Malcolm drew for Bagley the diagram of how Oswald’s incoming files were routed in 1959. That is, not going to where they should have been going, namely the SR division, where Pete had worked, but instead being diverted to OS where no 201 file would be opened. After looking at the diagram, Bagley asked Malcolm if Oswald was a witting or unwitting defector. Malcolm did not want to reply, but Bagley pushed him on the question telling him he had to know the answer. Malcolm said, “Okay, unwitting.” Bagley instantly countered with, “Oh no, he had to be witting!” (Newman, p. 339) What makes this even more interesting is that Bagley thought Oswald had killed Kennedy. So you had, for the first time, a veteran CIA counter intelligence officer—who thought Oswald had killed Kennedy—saying that the man was a witting false defector.


I would like to close this discussion on a high point, actually two of them.

Newman’s analysis of how the CIA switched back their plots to kill Castro onto the Kennedy White House is very well done. In fact, it is unmatched in the literature. As the author explicates it, this deception started with Director of Plans Dick Bissell; it was then continued, expanded, and elongated by William Harvey’s assistant Sam Halpern. The author proves that both men knowingly lied about the subject. It is important, because this whole mythology became a way to confuse what had happened in the JFK case. The myth that arose from it was that Kennedy was trying to get Castro, but Castro got him. When, in fact, neither clause was true. And neither was the corollary: JFK dug the hole for his own death.

Bissell was the first person who created the chimera that somehow “the White House” urged him to create an executive action capability. (Newman, p. 182) In fact, Bissell first told this story to William Harvey in 1961. But under examination by the Church Committee, Bissell said six times that he could not recall who the person at the White House was who first asked him to do this. Someone in the administration calls you about such a subject and you cannot recall who it was?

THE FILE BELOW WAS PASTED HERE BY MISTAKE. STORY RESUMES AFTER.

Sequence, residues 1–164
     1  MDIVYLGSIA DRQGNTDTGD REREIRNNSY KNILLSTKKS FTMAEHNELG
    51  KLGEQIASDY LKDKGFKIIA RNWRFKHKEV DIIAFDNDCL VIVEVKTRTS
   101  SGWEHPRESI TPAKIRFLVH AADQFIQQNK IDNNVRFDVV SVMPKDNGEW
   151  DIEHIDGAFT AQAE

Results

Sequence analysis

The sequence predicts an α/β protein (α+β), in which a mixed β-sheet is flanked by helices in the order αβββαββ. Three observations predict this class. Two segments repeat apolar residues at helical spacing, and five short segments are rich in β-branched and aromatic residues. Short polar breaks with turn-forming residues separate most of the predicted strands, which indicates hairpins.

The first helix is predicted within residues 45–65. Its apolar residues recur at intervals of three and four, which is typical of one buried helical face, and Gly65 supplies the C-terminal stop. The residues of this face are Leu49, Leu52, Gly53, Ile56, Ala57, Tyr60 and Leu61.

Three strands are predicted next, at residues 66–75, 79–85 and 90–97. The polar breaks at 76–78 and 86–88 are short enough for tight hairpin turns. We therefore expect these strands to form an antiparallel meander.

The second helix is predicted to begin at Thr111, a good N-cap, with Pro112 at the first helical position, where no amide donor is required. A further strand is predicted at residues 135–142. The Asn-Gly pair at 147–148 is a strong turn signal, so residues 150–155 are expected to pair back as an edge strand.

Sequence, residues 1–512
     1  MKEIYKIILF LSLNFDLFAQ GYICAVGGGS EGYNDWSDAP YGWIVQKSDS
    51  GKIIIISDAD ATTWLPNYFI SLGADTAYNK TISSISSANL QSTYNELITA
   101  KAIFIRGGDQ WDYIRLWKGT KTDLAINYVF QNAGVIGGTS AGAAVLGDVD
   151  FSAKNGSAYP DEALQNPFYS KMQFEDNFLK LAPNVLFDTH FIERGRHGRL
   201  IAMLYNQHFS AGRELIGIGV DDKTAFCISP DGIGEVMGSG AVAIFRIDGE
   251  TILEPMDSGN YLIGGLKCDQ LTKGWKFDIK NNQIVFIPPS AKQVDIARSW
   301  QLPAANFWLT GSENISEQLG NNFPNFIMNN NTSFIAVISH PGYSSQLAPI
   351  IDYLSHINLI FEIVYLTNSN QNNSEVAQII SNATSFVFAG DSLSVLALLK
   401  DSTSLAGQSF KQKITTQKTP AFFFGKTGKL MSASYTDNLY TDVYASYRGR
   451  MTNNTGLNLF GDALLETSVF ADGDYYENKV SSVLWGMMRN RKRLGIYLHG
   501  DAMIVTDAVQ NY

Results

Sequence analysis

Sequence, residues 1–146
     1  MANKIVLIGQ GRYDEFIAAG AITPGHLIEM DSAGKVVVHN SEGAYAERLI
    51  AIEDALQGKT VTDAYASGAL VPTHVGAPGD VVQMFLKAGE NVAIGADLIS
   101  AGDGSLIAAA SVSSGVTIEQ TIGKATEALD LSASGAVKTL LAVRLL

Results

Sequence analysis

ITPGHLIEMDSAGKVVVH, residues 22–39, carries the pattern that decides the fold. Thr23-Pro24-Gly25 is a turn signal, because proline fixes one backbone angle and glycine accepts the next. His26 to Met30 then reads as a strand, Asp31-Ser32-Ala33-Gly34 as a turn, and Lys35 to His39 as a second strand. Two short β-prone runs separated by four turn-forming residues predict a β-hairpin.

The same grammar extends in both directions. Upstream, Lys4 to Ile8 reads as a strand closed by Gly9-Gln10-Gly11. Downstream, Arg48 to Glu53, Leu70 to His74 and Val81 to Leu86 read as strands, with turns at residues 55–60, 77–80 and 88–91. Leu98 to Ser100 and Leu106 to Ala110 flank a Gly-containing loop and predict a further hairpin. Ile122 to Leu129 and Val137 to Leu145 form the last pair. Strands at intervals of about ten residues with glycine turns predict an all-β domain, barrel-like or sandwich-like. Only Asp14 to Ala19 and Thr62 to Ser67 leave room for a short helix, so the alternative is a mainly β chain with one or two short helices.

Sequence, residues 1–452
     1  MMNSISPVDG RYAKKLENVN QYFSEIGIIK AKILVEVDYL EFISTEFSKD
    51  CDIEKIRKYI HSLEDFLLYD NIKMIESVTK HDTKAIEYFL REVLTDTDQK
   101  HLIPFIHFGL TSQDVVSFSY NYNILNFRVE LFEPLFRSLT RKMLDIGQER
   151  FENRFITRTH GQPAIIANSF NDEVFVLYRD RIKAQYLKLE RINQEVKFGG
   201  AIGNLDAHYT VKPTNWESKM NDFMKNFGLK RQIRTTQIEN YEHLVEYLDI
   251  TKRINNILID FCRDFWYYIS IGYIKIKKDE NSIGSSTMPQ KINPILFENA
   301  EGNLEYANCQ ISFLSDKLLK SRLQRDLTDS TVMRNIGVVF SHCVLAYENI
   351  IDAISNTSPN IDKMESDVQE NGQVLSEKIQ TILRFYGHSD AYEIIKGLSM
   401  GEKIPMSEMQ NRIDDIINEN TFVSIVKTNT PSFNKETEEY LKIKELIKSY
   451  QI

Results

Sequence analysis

But on its face, this was not credible. Because the CIA’s Staff D—which included this function—had already been created by then. Plus the CIA/Mafia plots were already in motion. The former began in October of 1960, the latter in August of 1960. And, in fact, it was Bissell’s idea to reach out to the Mafia. (Newman, p. 187) After doing depositions with Bissell, Harvey, and McGeorge Bundy, the Church Committee concluded that Kennedy had filed no such request with CIA and none had been discussed with him. (Newman, p. 191) In fact, the Church Committee was forced to ask Bissell: If the White House tasked you with that, why didn’t you reply that such actions were already proceeding?

The reason that Bissell wanted to use this fabrication of White House approval was to egg on the Mafia plots in order to salvage the Bay of Pigs operation. This is most likely because he understood from the two designers of that operation—Jake Esterline and Jack Hawkins—that it would not succeed due to the revisions that had been made in their plans. In fact, they wanted to resign, since they sensed a debacle was upcoming. Bissell understood if that happened, he would be left holding the bag, since he was the main supervising officer. (Newman, pp. 191–92).

Halpern took this fabrication and made it his own, with two alterations. First, he switched the pushing of the plots from JFK to RFK and he used a CIA man he knew, Charles Ford, as RFK’s “accessory.” What was quite revealing about the Church Committee inquiry was that Dick Helms did not seem to know much at all about Halpern’s RFK/Ford schemes. And what he did know was through Halpern. (Newman, pp. 237–39)

The giveaway about Halpern was his frequent assertion that RFK deliberately left no paper behind about his dealings with Ford. This turned out to be utterly false. And as the author points out, for Seymour Hersh to have accepted this from Halpern for his 1997 book, The Dark Side of Camelot, tells you all you need to know about Hersh’s piece of rubbish.

In fact, Charles Ford testified twice before the Church Committee. For whatever reason, we only have his second deposition. But it is clear from the references he makes to the lost first interview that he never did what Halpern said he was doing. That is acting as a liaison for RFK to the Mob for the purpose of killing Castro. Considering Bobby Kennedy’s war on the Mafia, this was preposterous on its face. But as the author points out, we have documents from both sides today—RFK’s and Ford’s—as to what Ford was doing for Bobby. The idea was that he was supposed to check out some American representatives of anti-Castro groups in Cuba and also explore ways to retrieve the prisoners from the failed Bay of Pigs project. (Newman, pp. 260—67). These prove that Halpern was passing gas on two levels.